Another course that I was responsible for this quarter was an introductory course for Git. I had used Git before, but mostly for downloading repositories and building what I had cloned. I was excited about the opportunity to learn a bit more about this ubiquitous tool, seeing as nearly every open source project uses git extensively these days. Like a lot of people, I used to think of Git as being just GitHub. I was amazed at all of the different implementations of git server platforms there really are (GitHub, gitweb, GitLab, and others). Spoiler alert: in Source Control with Git, we show you how to set up your own git server.
What fascinated me the most is how Git stores its information. Git was originally developed by Linus Torvalds (of Linux kernel fame), and his love for file systems really shines through in Git’s architecture. Have a look here for our rundown of the structure of a Git repository to see for yourself. As we go through the course, we refer back to this structure a lot so that we can help keep all of the topics that we discuss tied back into this core aspect. Understanding how Git stores the information from your project is crucial for working with Git’s toolset.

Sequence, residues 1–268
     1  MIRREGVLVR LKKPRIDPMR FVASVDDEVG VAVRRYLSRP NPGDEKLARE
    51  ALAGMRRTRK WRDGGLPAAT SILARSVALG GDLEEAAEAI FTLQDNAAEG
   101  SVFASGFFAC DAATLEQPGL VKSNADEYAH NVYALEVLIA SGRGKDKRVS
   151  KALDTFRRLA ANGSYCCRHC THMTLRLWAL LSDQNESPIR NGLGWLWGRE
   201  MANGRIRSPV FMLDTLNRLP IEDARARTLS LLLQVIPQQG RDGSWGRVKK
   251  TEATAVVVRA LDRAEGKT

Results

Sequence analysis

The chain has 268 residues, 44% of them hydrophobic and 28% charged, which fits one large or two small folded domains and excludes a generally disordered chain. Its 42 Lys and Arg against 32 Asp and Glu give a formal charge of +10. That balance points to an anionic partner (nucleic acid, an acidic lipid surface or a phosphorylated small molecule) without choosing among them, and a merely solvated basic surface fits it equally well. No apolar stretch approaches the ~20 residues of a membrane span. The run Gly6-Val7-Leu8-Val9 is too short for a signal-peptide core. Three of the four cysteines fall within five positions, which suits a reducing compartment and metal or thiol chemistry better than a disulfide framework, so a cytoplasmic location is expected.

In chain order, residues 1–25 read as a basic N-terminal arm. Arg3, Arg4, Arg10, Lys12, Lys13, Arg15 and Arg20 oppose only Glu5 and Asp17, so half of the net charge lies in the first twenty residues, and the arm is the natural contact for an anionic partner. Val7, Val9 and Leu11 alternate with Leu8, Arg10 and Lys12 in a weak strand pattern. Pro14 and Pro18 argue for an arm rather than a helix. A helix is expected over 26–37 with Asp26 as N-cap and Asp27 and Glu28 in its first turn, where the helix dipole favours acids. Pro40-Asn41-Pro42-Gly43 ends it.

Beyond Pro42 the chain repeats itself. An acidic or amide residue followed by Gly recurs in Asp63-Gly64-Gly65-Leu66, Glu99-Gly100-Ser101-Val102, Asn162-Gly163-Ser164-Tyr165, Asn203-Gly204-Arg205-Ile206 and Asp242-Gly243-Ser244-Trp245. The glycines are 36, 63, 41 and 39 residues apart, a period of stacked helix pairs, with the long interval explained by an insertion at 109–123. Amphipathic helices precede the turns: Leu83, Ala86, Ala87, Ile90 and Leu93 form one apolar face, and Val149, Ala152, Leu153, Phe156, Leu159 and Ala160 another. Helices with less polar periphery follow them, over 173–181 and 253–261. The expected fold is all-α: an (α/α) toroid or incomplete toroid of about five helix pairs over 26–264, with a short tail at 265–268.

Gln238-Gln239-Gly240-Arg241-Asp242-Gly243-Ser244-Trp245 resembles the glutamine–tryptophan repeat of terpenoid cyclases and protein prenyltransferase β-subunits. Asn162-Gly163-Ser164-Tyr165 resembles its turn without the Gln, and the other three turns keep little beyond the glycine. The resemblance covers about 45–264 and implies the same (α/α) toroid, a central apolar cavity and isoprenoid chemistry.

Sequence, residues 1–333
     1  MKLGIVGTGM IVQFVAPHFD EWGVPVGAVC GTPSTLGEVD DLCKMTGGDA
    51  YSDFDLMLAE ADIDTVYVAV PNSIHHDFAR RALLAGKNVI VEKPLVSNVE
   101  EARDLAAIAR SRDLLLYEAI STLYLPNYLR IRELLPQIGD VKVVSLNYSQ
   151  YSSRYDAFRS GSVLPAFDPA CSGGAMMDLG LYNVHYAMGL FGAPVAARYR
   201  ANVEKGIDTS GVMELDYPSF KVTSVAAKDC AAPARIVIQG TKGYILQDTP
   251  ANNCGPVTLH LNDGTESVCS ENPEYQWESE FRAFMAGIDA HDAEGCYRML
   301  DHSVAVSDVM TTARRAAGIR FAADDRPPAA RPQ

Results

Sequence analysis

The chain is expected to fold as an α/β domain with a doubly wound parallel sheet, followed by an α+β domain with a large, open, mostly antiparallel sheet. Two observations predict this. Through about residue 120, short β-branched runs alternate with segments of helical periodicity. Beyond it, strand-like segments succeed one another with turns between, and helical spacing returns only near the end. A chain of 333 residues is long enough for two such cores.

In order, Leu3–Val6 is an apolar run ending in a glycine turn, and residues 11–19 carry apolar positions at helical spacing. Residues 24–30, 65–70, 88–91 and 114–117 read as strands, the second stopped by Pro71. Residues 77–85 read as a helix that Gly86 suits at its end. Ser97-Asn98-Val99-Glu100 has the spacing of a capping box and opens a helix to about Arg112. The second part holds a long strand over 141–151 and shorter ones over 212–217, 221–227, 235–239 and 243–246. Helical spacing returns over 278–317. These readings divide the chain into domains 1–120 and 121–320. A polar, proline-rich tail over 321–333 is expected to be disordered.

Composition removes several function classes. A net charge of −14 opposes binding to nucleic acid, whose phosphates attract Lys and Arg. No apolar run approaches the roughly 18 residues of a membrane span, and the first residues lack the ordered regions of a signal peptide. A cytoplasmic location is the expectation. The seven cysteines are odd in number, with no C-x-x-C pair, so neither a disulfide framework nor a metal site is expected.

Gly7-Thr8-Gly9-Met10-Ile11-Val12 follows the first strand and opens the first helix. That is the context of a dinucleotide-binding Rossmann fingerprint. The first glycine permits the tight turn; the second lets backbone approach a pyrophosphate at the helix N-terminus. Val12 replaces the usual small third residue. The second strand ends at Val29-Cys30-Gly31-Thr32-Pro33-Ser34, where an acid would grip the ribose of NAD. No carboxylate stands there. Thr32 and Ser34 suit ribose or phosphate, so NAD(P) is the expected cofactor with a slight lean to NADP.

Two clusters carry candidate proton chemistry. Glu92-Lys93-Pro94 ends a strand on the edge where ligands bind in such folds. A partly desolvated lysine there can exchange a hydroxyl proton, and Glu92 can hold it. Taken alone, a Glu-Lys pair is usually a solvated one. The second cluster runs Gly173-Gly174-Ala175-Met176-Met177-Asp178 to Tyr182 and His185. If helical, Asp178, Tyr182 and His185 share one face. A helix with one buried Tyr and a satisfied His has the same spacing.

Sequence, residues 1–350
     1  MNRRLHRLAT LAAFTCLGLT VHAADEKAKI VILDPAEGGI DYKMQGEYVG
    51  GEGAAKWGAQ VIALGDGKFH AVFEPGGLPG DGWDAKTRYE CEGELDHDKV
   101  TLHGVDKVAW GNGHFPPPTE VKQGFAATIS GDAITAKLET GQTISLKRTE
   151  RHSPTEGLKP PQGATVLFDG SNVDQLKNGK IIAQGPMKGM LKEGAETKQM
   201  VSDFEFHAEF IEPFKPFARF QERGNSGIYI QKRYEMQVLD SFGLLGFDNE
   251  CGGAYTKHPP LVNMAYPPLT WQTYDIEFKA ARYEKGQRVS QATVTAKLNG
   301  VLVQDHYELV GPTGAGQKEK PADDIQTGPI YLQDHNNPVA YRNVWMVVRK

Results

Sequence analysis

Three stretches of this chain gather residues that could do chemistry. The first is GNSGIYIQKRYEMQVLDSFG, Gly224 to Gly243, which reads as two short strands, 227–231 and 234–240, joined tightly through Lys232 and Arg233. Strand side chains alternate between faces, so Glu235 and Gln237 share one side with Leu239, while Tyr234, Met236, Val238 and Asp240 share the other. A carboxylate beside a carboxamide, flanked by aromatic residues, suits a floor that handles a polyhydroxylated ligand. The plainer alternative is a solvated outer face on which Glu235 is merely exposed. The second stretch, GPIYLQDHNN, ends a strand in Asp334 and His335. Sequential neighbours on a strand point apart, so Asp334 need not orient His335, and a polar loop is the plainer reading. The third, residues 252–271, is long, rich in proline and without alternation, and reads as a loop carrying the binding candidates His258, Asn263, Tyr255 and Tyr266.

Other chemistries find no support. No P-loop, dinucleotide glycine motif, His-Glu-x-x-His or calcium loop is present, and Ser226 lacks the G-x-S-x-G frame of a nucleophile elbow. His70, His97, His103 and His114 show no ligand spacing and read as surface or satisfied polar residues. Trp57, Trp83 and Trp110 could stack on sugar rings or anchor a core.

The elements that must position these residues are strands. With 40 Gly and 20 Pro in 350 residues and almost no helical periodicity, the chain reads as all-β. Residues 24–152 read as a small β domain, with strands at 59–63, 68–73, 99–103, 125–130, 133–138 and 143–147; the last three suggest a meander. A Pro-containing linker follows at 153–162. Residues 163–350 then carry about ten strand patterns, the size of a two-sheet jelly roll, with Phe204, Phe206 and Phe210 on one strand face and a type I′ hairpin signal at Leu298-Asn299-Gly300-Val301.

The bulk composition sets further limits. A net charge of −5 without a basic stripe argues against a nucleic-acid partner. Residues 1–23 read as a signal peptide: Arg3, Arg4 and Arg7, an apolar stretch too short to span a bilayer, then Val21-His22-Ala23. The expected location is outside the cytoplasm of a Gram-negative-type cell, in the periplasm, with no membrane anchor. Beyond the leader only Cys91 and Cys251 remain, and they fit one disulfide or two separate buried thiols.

This course was designed to take an absolute beginner to Git and walk them through how to set up their own project repository and start using it. As we go along, we discuss the basic elements of what it takes to have Git keep track of your project’s history, and how you can view that history yourself. We also explore the fundamentals of submitting your own contributions to an outside project, along with the elements of what it takes to fork a project (and why you would want to do so). We also show you how to keep your project’s repository clean with the git garbage collection command and with the use of a gitignore file. Do you want to add someone else’s contribution to your project? We demonstrate how to accomplish that as well.
Honestly, my favorite part of the course is where we show you how to set up your own GitLab server. GitLab is a beast of a software bundle, but we show you how to get up and running with it quickly and provide you with the basic knowledge needed to get a project set up to start securely collaborating with others.
As with all Linux Academy courses, we offer quizzes and hands-on learning activities to help you reinforce what you have learned in the course. There are also flashcards to help you remember commands and concepts. Please be sure to stop by our community forums to provide feedback on the course, and to rate the videos as well. It is your input that helps us to drive forward and put together new and better content to help with your learning needs. So try out the Source Control with Git course and have fun!